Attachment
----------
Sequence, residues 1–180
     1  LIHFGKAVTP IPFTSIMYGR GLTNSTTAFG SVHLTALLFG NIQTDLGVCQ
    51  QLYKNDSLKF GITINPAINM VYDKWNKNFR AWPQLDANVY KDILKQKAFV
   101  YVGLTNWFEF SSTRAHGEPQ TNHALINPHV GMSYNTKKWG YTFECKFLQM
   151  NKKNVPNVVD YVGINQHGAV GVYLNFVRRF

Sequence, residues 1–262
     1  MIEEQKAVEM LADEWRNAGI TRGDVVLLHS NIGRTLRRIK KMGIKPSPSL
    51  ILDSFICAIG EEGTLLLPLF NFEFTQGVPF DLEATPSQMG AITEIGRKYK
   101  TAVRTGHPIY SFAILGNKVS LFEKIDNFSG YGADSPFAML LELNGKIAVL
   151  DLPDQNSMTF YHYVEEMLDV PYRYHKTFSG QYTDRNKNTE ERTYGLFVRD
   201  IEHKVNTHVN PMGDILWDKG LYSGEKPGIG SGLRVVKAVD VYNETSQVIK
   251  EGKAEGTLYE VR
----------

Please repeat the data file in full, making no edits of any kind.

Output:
Sequence, residues 1–180
     1  LIHFGKAVTP IPFTSIMYGR GLTNSTTAFG SVHLTALLFG NIQTDLGVCQ
    51  QLYKNDSLKF GITINPAINM VYDKWNKNFR AWPQLDANVY KDILKQKAFV
   101  YVGLTNWFEF SSTRAHGEPQ TNHALINPHV GMSYNTKKWG YTFECKFLQM
   151  NKKNVPNVVD YVGINQHGAV GVYLNFVRRF

Sequence, residues 1–262
     1  MIEEQKAVEM LADEWRNAGI TRGDVVLLHS NIGRTLRRIK KMGIKPSPSL
    51  ILDSFICAIG EEGTLLLPLF NFEFTQGVPF DLEATPSQMG AITEIGRKYK
   101  TAVRTGHPIY SFAILGNKVS LFEKIDNFSG YGADSPFAML LELNGKIAVL
   151  DLPDQNSMTF YHYVEEMLDV PYRYHKTFSG QYTDRNKNTE ERTYGLFVRD
   201  IEHKVNTHVN PMGDILWDKG LYSGEKPGIG SGLRVVKAVD VYNETSQVIK
   251  EGKAEGTLYE VR